There was definitely a comic-book/superhero vibe for the month, perhaps inevitable as it was bookended by those particular blockbusters (will we have another month like that again this year, I wonder?). Of course the huge impact and critical fallout over Batman vs Superman was the biggest thing about the month. I enjoyed writing my follow-up piece The Problem With Superman- I rather prefer writing those stream-of-consciousness/ranting at the keyboard commentary pieces to writing reviews. The comic-book theme was furthered by having the opportunity to watch the Future Shock! documentary, which was a particular thrill seeing those writers/artists I loved so long ago. All in all, it doesn’t seem too bad a month, there’s some interesting and varied titles in there, albeit not anything from the to-watch shelf.

Another opportunity to break the review-format, albeit for rather unwelcome reasons, was the Remembering Batdance piece marking the death of Prince. Still can’t believe he’s gone.

Looking at the list, I’ve seen ten ‘new’ films/tv shows to keep my 100 target pretty healthy. Best film was Captain America: Civil War and the worst Ender’s Game. Ender’s Game has its supporters though, as its comments section will attest. A reminder that every film has its fans/grudging admirers/defenders/apologists. Maybe I was in the wrong mood when I watched it- I’ll certainly admit that it likely turned out exactly how it was intended to; it wasn’t a film that turned out bad- it was exactly what it was meant to be, a film targeting the young adult/teen-hero fiction audience popularised by The Hunger Games/Harry Potter films and so many others. Cynical as that seems to me, every film is targeted at someone and in Ender’s Games case, that audience clearly wasn’t me in anycase.

A cautionary reminder of this- at work two colleagues saw Batman vs Superman nine times between them. One saw it four times, the other five times. So even if I didn’t really ‘get’ Batman vs Superman (one viewing was more than enough for me), at least some part of the films target audience clearly did, so the film did something right. I still enjoyed it more than I expected to, and look forward to the extended edition answering a few problems I had with it, but it’s also clear that it pales before Captain America: Civil War. Where the DC film stumbled, the Marvel film soared. And thats the story of April 2016.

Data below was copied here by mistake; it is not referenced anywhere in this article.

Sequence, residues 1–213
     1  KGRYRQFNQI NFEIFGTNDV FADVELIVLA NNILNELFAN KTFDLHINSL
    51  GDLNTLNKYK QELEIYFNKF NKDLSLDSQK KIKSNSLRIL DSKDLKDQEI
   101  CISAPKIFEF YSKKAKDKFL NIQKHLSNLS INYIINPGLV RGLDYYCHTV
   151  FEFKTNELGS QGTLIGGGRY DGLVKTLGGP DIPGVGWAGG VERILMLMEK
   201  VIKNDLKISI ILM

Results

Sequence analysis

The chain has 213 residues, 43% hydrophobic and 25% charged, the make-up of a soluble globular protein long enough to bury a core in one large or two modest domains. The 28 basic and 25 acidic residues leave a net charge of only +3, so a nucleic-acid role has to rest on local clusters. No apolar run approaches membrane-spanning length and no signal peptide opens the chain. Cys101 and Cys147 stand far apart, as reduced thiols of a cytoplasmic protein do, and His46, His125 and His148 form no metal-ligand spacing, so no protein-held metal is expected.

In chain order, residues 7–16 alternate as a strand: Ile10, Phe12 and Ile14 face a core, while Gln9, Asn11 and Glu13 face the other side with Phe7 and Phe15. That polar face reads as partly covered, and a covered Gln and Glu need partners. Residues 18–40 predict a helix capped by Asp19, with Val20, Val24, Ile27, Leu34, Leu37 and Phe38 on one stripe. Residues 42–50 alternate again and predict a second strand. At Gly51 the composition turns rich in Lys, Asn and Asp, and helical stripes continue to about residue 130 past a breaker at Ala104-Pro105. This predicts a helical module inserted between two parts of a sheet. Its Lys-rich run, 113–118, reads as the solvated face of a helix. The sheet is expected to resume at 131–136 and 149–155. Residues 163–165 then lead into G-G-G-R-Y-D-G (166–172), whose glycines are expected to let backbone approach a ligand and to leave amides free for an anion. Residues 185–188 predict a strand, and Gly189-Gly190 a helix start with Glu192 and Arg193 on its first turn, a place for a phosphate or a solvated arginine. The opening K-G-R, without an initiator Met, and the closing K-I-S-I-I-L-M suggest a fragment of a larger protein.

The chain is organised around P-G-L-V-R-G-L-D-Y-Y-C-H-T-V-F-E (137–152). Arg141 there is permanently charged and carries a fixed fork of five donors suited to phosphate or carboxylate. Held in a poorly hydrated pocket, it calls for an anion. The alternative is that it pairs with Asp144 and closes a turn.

(Come on, back on March 29th, that wouldn’t have surprised anyone really, would it?)

Cam Kennedy’s Judge Dredd Vol.1

dreddcam“Of all the comic heroes I have drawn, Judge Dredd is definitely my favourite. Who wouldn’t like being paid to disappear into the future where a 7ft character goes around thumping people in post-apocalyptic America. I had a ball sitting in my room in Orkney sketching away while the rain poured down outside.”Cam Kennedy, 2012.

An excellent book has just been released by IDW Publishing – it seems this is another example of the Americans showing us Brits how it should be done, with one of our own greatest properties to boot. It’s a large-format, finely produced hardback collection of classic Judge Dredd stories illustrated by the great Cam Kennedy. Kennedy is my very favourite Dredd artist, and that’s no small praise considering the competition by such greats as Brian Bolland and Mike McMahon or indeed the legendary Carlos Ezquerra (and if those three names mean nothing to you, well, I pity you, really I do).  When I talk about such artists I have to admit I’m pretty much ignorant of anybody doing the Dredd strip these days- I used to read 2000AD back in 1978 through to the mid-nineties (and naturally the Dredd Megazine during that period too), so I guess I could be referred to as a fan of Classic Dredd or Golden-Age Dredd or whatever they call it these days. There are likely great ‘new’ artists illustrating Dredd stories these days but I’m totally ignorant of them. The Dredd of ‘my’ era was back in the days of the Dark Judges, Block Mania, tales like  The Cursed Earth, The Judge Child Quest, The Apocalypse War… oh boy, those epics were something special.